(Posted from Milwaukee)

Wednesday, March 26, 2014

The willingness to say we blew it

While I was critical of World Vision's recent decision to hire "Christians in Gay marriages" I applaud their willingness to acknowledge two days later that they were wrong. Too many organizations and individuals are unable to make that humble statement and it takes humility. They did it and I applaud Rich Stearns and his board. They did the right thing and we should take them at their word and move on.

I have seen elders in local churches do some unfortunate things and on occasion I have seen them own those decisions in front of congregations and say they were sorry. That not only takes courage but it is the right thing to do. I applaud them and their congregations ought to be the first to let go of their anger, forgive and move on together.

As a leader I know that it is not easy to say "I blew it" and sometimes I have had to take responsibility for things that happened on my watch even when I was not directly responsible. But it is the right thing to do - hard as it is. It is interesting that in a few cases, no matter how many times I apologized for certain actions people did not let go of the "offense." 

All of us blow it. All of us need from time to time to own our stuff and ask forgiveness, apologize or make amends. When someone does, we need to celebrate that they did the right thing and move on. The lack of forgiveness among some evangelicals is a sad thing. If I don't forgive, why should I be forgiven and none of us is above that need. So, I hope that believers will not abandon World Vision or the work they do or the kids that are impacted. Let's move on.

(Posted from Milwaukee)

World Vision reverses its decision to hire Christians in Gay married relationships

It took World Vision just two days to reverse its decision to hire Christians in Gay married relationships. It will take years for it to recover its reputation - if it ever does. See the latest here.

(Posted from Milwaukee)

Tuesday, March 25, 2014

Do fame and notoriety cloud one's thinking?

I have been mulling on a number of situations recently where Christian leaders have made really poor decisions in my view: Rich Stearns and World Vision's new policy to hire individuals in homosexual marriages; Rob Bell and his redefinition of heaven and hell and and the controversy over Mark Driscoll of Mars Hill who tried to manipulate the system to get his book on marriage onto the New York Times best seller list. I have another private list of individuals who have seemingly lost their way when they become Christian public figures. I saddens me and causes me to ask a question:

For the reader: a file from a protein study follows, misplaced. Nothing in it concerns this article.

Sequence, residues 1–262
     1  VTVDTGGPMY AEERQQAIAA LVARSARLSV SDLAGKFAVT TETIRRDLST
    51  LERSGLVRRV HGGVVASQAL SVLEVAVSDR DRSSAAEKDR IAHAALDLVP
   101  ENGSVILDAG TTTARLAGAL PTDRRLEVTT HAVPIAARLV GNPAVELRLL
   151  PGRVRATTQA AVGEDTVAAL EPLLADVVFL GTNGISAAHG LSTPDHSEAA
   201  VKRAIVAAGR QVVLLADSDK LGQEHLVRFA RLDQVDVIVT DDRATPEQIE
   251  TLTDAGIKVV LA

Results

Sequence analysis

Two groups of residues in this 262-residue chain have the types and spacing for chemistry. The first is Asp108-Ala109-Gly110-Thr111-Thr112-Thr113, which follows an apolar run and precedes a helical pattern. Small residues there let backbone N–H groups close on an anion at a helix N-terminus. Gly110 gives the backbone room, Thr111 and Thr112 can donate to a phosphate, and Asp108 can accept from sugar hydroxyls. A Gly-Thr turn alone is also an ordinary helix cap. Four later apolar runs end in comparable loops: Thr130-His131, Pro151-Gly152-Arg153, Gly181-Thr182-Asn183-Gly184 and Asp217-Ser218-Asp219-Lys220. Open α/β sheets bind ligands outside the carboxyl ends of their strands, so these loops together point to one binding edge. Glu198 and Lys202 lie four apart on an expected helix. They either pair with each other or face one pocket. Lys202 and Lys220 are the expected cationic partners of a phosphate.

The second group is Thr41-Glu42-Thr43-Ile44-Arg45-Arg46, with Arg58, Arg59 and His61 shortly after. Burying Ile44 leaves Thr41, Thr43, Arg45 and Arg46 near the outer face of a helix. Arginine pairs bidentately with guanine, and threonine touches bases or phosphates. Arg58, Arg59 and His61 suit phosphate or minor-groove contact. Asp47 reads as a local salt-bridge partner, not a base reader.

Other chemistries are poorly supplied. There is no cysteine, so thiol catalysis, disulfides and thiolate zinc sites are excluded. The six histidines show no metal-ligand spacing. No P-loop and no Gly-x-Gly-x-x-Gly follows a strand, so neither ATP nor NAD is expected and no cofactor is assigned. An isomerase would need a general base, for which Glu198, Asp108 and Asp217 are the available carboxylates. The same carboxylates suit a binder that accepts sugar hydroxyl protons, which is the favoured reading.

Do fame and notoriety cloud one's thinking and cause us to make decisions and pronouncements that are Biblically questionable? Does fame tend to give us more confidence in our own wisdom than in God's wisdom? Does it allow us to cross boundaries that we did not dare cross in the earlier years?

Fame and celebrity are a dangerous calling and few seem to handle it well. We see success and that success breeds pride and we begin to believe our own press which leads to the marginalization of those who don't agree with us and soon we become isolated and unaccountable - and eventually crash! Wisdom co-opted by pride! Youthful passion co-opted by ego! Jesus co-opted by us!

I am glad that I am not famous. I never want to be. To those who are I say this: There is never more important a time to develop a cadre who will tell one  the truth than when one is in the limelight. Because when the spotlight shines on us rather than on the One who created us, we have co-opted God and it rarely has a good ending.

To be clear, I don't know the motives or hearts of those named above and am not passing judgement. I am asking a question that their actions prompt. What I do know that when our name surpasses The Name, something is wrong. And when our pronouncements are at odds with His pronouncements, the same is true. 

There is never more important a time to develop accountability and humility and to guard the shadow side as when we become important in the eyes of others. And believe that we actually are.

(Posted from Milwaukee)

World Vision USA will now hire individuals in Gay marriage relationships

In a move that will certainly move World Vision USA away from many traditional evangelical churches they have announced a new policy that they will hire Christian individuals in Gay marriage relationships. This will certainly only add to the perception among many that World Vision, while committed to poverty alleviation, is little more than a secular NGO with a Christian background.